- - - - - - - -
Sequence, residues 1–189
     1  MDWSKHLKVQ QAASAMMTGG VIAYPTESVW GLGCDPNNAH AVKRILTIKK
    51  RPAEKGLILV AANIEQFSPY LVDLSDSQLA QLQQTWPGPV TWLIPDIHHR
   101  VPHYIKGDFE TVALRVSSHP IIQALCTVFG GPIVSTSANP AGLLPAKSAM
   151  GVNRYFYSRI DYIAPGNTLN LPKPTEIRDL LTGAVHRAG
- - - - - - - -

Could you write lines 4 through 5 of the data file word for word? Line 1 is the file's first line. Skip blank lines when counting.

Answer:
   101  VPHYIKGDFE TVALRVSSHP IIQALCTVFG GPIVSTSANP AGLLPAKSAM
   151  GVNRYFYSRI DYIAPGNTLN LPKPTEIRDL LTGAVHRAG